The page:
"It is nearly impossible to top Jim's baseball resume with 22 seasons in the game and over 600 home runs," said Hahn. "When we talked recently about how he could move on to the next stage of his baseball career, an obvious fit was to join this organization, where Jim knows so many people and is immediately comfortable. He brings a wealth of experience and knowledge to this role, and we're excited to see the impact he will have on both our major leaguers and minor leaguers."
Thome batted .276 (2,328-8,422) with 612 home runs, 1,699 RBI, 1,583 runs scored and 1,747 walks in 2,543 games over 22 major-league seasons with Cleveland (1991-2002, '11), Philadelphia (2003-05, '12), the White Sox (2006-09), Los Angeles-NL (2009), Minnesota (2010-11) and Baltimore (2012).
He ranks among baseball's all-time leaders in numerous categories, including home run ratio (4th, 13.76), home runs (7th), walks (7th), OPS (20th, .956), RBI (24th) and slugging percentage (24th). Thome's 612 homers are the fourth-highest total in major-league history by a left-handed hitter, trailing only Barry Bonds (762), Babe Ruth (714) and Ken Griffey Jr. (630).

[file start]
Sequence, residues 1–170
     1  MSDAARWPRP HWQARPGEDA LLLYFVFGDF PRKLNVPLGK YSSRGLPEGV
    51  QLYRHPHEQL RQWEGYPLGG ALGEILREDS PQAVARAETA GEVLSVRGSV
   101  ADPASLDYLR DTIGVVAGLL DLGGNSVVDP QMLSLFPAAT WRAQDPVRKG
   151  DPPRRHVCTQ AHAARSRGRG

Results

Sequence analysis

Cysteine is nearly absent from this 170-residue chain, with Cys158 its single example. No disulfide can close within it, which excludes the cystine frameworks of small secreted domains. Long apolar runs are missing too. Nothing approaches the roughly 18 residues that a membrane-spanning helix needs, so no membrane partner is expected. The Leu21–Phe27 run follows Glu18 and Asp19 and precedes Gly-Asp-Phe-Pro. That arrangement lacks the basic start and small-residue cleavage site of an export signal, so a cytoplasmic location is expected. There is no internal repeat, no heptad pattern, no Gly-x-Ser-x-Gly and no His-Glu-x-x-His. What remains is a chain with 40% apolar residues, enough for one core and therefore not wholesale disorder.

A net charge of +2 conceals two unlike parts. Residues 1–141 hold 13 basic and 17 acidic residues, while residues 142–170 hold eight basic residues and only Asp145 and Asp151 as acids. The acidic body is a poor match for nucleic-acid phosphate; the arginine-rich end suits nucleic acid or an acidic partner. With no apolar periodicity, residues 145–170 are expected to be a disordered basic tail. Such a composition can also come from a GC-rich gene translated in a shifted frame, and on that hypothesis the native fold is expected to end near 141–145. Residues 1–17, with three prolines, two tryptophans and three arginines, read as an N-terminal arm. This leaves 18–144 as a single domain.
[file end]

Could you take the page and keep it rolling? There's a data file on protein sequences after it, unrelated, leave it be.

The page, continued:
"Taking on this new role with the White Sox just seemed like a natural next step for me and my family," Thome said. "I am excited about the opportunity to make an impact on a major league organization and to work with people I know and respect, like Jerry Reinsdorf, Ken Williams, Rick, Buddy and Robin Ventura. I don't think I could ask for a better situation than being in Chicago and with the White Sox."
Thome appeared in 529 games over four seasons with the Sox, batting .265 (469-1,770) with 134 home runs and 369 RBI. He hit his 500th career home run on September 16, 2007 vs. Los Angeles-AL, and his game-winning solo homer off Nick Blackburn on September 30, 2008 gave the White Sox a 1-0 victory over Minnesota in a one-game playoff at U.S. Cellular Field.
Thome, a five-time All-Star, hit 40 or more home runs in a season six times and drove in 100-plus runs on nine occasions. His 17 postseason home runs are the seventh-highest total in major-league history.
He becomes the 11th former White Sox player currently serving as a manager or coach in the organization.